Open All Hours!!
Unlike trading certain asset classes such as equities, that are “tied” to a particular Stock Exchange that opens and closes, the FX market is open 24 hours a day 5 days a week. That said, the FX trading day consists of multiple trading sessions: the European session, American session and the Asian session – also known as the London, New York and Tokyo or Sydney sessions.
Generally, each of the above trading sessions are driven by the economies that are active in that time zone and so each session has unique characteristics to them.
When countries in these various geographical sessions are open for business, then that country’s currency, and the currency of their trading partners, are likely to be traded in greater volume.
In the Asian session, for example, companies in Japan are open and will be trading currencies in order to do business with companies in other countries. It is therefore likely that there will be a high volume of JPY being exchanged with the domestic currencies of countries that Japanese firms do business with.
In a similar vein, when Europe is open for business, the EUR is likely to be traded in higher volume, due to businesses in Europe trading with other countries.
So whichever session is currently open, the countries that are trading at that time will generally correlate with the currencies being traded. Therefore each trading session will be slightly different in terms of the activity of certain currency pairs, market participation, market volume and volatility.
Forex trading sessions
Strictly speaking, there are no open sessions at the weekend. Trading begins when the Sydney session opens at the beginning of the week and ends when the New York session closes at the end of the week. (However, many Middle Eastern countries are “open” at the weekend so the market really never closes – but pricing during this time is very poor and illiquid as there are so few participants trading. Trading access at the weekend becomes limited – even on ECN’s such as Reuters Matching and EBS) Where you are located in the world will depend on what time and day this is. If you are trading in Japan, the trading week starts on Monday morning. If you are in the UK, market opening will actually be on Sunday evening.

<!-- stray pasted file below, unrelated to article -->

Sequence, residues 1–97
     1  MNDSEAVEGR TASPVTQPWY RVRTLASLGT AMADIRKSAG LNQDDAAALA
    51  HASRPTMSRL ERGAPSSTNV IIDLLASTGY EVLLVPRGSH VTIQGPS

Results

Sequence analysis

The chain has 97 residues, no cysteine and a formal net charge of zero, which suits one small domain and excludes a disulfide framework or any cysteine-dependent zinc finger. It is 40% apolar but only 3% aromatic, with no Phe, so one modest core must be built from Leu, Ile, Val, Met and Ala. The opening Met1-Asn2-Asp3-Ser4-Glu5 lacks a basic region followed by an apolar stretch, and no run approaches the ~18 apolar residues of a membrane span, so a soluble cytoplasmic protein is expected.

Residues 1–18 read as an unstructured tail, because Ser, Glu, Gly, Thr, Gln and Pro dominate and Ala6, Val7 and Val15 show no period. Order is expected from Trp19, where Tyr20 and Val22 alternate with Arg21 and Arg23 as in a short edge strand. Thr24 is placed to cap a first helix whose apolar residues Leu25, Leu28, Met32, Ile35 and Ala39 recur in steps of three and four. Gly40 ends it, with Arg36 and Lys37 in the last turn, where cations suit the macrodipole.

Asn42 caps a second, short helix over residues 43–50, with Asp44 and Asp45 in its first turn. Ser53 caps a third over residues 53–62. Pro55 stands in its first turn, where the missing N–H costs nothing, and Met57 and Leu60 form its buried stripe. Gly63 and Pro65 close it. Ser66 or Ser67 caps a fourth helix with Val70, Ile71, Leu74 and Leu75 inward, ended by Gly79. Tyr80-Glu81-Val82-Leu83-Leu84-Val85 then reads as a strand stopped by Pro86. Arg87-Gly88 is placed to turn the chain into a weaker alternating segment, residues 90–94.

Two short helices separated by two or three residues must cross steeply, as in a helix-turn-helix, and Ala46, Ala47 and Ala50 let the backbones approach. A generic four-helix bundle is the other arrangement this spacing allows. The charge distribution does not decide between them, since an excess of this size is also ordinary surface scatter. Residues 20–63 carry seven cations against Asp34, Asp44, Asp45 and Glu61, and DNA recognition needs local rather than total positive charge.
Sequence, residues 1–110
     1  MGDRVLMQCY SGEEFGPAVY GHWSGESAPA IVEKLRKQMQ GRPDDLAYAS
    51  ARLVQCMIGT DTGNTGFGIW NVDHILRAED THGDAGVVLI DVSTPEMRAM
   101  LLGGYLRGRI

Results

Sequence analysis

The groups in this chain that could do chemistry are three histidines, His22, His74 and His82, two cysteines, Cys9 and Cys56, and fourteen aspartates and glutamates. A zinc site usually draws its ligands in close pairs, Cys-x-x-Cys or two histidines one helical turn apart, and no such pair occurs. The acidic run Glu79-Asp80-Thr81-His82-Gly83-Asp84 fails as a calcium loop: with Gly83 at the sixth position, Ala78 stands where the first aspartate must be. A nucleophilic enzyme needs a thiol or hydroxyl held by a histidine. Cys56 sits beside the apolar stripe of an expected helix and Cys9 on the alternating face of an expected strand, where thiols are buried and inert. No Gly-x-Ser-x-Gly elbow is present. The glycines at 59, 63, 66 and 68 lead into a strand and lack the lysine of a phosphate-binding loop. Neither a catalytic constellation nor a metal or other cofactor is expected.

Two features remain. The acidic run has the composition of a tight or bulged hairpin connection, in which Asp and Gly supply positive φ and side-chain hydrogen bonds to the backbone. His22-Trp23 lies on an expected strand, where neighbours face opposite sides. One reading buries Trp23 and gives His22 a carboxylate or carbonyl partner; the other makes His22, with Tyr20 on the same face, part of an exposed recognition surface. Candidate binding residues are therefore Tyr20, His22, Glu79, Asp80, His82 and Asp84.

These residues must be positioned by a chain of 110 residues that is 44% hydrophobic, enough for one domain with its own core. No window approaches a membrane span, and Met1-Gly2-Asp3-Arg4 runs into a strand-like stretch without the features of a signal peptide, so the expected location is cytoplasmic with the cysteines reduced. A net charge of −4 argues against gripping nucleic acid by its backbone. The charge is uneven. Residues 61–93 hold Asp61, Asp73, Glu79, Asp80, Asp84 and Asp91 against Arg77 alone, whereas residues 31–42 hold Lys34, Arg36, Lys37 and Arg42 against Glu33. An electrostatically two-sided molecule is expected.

The table above shows the trading sessions in GMT, this is because GMT never changes and so you can use it in whatever time zone you are currently located in. For example, if you are in Central Europe, then for the winter time you will use GMT +1 hour. When the times change in the summer, you will use GMT +2 hours.
Asian Trading Session
Starts at 22:00 GMT when Sydney opens. Since only Sydney is trading at this time, the volumes that are traded are relatively small and therefore volatility is likely to be minimal compared to other sessions.
At 00:00 GMT, Tokyo opens and trading volume increases as there are more market participants. Australia and Japan are relatively small markets compared to Europe and the US and the price changes are still relatively moderate. The spreads on major pairs (EUR/USD, GBP/USD etc) are likely to be slightly higher during these times and the liquidity will not be as high as they are in the European and US session.